LOS ANGELES (Reuters) - California will become the first U.S. state to eliminate the cash bail system for people awaiting criminal trial, under a reform bill signed on Tuesday by Governor Jerry Brown that will take effect in October 2019.
“Today, California reforms its bail system so that rich and poor alike are treated fairly,” Brown, a Democrat, said in a statement.
The law will allow for defendants to be released after being arrested if they are deemed likely to appear for court hearings and pose little danger to the public. Judges would be allowed to rule out release for people accused of felony acts of violence, misdemeanor domestic violence, sexual assault, making threats and certain other crimes.
Civil liberties and human rights groups have long called for reforming the bail system, which has its roots in medieval England, but some of them opposed the California bill.
“It cannot guarantee a substantial reduction in the number of Californians detained while awaiting trial, nor does it sufficiently address racial bias in pretrial decision making,” leaders of three American Civil Liberties Union chapters in California said in a joint statement.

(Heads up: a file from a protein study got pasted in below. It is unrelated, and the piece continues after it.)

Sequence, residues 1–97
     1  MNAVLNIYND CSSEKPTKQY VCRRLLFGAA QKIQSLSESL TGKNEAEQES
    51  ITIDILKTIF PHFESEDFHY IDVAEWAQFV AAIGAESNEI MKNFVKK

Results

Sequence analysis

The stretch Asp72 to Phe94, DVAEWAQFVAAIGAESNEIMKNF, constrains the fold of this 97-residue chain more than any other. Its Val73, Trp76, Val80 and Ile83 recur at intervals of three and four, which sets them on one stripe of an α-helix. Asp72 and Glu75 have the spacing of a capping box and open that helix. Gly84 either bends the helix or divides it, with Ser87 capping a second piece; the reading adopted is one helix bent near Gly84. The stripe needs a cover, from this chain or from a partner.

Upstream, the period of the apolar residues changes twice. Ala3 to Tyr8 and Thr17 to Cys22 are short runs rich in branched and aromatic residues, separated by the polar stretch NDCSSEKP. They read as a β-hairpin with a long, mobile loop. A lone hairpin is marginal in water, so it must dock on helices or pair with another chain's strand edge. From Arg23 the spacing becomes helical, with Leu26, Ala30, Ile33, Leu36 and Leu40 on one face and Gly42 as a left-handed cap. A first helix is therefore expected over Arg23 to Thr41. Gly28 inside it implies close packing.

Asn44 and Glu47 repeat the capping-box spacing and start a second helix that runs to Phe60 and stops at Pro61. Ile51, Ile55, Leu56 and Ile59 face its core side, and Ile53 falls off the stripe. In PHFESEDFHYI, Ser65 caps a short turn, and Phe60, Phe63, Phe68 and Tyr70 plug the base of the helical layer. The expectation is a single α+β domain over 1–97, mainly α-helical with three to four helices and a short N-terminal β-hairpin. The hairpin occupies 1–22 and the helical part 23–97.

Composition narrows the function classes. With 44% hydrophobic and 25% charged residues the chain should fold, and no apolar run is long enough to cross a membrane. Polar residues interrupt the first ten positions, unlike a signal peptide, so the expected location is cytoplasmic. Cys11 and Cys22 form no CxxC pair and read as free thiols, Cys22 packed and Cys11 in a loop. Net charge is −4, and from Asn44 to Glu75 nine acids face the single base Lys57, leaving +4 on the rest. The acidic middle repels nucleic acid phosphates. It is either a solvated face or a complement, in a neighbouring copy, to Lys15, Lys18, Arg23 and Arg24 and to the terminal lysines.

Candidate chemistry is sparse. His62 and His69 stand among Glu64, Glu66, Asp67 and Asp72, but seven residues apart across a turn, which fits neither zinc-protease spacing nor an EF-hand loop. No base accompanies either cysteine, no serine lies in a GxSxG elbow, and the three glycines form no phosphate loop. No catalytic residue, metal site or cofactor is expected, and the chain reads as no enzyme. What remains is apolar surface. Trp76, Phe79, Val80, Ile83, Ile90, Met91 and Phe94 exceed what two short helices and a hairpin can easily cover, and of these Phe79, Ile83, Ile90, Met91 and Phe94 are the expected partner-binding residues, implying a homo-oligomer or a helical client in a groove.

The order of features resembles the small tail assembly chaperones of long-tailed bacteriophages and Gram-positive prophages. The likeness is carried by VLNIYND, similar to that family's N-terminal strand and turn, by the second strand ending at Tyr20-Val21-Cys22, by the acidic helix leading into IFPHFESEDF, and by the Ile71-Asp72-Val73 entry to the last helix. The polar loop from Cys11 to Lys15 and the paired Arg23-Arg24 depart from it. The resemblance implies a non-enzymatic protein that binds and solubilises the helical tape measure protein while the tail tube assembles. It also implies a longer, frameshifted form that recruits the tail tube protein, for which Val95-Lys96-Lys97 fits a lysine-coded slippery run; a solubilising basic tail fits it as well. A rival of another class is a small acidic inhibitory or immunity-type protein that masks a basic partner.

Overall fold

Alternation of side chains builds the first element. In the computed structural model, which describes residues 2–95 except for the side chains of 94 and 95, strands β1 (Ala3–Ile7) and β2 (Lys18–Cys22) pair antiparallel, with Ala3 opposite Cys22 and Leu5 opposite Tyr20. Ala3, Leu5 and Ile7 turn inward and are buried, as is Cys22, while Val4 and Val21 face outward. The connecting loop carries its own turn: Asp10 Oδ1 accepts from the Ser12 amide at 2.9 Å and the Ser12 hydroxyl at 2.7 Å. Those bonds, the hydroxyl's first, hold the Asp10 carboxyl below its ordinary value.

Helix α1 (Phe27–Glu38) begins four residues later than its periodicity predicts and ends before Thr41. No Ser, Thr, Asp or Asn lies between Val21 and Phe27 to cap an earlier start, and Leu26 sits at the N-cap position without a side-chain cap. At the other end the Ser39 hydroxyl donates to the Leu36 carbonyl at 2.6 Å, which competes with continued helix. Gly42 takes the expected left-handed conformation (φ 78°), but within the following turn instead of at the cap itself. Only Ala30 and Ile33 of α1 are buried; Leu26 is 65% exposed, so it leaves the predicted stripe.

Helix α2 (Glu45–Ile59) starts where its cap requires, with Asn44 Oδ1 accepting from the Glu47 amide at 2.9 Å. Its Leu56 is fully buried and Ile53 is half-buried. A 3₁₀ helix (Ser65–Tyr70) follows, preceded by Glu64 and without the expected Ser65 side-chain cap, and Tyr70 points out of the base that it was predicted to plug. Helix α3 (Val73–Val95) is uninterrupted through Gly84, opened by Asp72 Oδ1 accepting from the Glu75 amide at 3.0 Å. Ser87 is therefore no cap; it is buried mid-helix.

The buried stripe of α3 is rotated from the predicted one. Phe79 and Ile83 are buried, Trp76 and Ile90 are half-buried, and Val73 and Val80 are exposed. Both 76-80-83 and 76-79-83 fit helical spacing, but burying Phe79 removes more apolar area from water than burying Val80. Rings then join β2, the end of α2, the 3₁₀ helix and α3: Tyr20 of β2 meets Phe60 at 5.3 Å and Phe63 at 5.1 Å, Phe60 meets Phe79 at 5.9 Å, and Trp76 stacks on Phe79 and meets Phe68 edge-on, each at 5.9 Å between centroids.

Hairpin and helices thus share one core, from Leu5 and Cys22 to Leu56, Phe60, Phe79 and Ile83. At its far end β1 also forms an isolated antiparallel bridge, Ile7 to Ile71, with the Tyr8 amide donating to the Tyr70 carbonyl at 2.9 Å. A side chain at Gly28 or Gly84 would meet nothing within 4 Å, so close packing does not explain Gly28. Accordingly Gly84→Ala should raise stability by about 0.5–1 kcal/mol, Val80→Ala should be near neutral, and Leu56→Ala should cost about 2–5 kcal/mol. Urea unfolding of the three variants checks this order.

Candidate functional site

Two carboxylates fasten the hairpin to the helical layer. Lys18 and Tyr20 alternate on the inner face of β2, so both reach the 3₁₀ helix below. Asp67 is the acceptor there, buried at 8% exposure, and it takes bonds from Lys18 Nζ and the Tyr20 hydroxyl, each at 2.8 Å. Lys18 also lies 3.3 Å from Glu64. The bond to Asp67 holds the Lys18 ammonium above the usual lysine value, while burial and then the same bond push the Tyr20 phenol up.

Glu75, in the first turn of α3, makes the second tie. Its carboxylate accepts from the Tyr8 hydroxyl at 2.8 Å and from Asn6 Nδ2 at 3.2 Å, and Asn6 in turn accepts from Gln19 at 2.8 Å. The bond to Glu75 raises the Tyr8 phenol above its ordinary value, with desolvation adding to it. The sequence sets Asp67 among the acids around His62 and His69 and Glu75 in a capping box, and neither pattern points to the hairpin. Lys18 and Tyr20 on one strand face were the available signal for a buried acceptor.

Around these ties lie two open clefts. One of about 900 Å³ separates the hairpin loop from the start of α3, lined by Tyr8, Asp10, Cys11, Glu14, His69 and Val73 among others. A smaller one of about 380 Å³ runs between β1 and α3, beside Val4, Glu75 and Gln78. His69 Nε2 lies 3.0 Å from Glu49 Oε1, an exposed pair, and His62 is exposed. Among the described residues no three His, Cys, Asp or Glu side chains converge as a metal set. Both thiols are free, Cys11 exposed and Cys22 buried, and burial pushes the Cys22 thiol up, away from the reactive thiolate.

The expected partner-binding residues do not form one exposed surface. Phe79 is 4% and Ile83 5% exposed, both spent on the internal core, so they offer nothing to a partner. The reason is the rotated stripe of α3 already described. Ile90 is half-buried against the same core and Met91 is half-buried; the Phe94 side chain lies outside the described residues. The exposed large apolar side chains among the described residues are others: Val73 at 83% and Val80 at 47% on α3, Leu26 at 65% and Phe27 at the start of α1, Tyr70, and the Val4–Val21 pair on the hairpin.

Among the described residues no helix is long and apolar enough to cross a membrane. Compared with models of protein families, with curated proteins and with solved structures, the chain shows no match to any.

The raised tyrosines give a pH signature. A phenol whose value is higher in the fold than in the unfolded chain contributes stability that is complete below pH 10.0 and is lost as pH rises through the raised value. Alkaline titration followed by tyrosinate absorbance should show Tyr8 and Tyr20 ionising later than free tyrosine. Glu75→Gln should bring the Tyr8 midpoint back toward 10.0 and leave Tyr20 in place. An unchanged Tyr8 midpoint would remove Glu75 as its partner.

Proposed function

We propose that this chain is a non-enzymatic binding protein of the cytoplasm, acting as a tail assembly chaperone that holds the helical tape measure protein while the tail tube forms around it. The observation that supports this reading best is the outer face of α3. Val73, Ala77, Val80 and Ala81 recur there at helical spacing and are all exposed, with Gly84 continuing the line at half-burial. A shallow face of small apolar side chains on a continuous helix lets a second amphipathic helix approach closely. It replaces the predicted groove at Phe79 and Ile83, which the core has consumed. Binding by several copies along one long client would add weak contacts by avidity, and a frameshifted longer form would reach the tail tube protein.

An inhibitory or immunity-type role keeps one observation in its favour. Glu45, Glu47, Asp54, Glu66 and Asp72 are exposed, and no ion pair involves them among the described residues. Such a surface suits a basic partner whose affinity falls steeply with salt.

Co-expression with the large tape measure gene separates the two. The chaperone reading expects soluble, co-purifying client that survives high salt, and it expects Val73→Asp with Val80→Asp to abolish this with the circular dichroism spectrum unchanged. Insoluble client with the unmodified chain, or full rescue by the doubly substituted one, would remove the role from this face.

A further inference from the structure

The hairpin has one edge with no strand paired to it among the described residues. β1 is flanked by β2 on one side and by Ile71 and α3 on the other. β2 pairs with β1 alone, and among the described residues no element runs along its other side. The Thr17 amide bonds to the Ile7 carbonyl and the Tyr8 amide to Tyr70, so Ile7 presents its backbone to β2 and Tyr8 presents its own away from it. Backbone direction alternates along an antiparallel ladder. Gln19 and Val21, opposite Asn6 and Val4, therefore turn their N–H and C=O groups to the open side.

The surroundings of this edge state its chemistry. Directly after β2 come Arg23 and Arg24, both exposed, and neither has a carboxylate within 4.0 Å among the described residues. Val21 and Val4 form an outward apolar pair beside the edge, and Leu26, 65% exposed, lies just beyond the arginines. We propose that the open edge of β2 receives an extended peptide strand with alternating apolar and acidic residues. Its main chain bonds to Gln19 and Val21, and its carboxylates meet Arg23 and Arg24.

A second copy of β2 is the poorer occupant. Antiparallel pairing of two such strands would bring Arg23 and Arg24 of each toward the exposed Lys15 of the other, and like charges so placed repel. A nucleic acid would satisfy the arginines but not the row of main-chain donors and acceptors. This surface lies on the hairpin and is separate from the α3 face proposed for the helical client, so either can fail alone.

Local court systems in California would be allowed to set their own standards for releasing people considered a medium risk of endangering the public or not appearing in court.
In U.S. states, defendants are released if they can arrange payment of a cash bond, which a court can hold until the legal case is concluded. Judges may determine a defendant is ineligible for bail, such as in some murder cases where public safety might be at risk.
Federal courts in the United States rarely require defendants to post cash bail. Instead, judges can set conditions for release, such as supervision and travel restrictions.
California Chief Justice Tani Cantil-Sakauye supported the new bill.
“Our old system of money bail was outdated, unsafe, and unfair,” Cantil-Sakauye said in a statement.
Reporting by Alex Dobuzinskis; editing by Bill Tarrant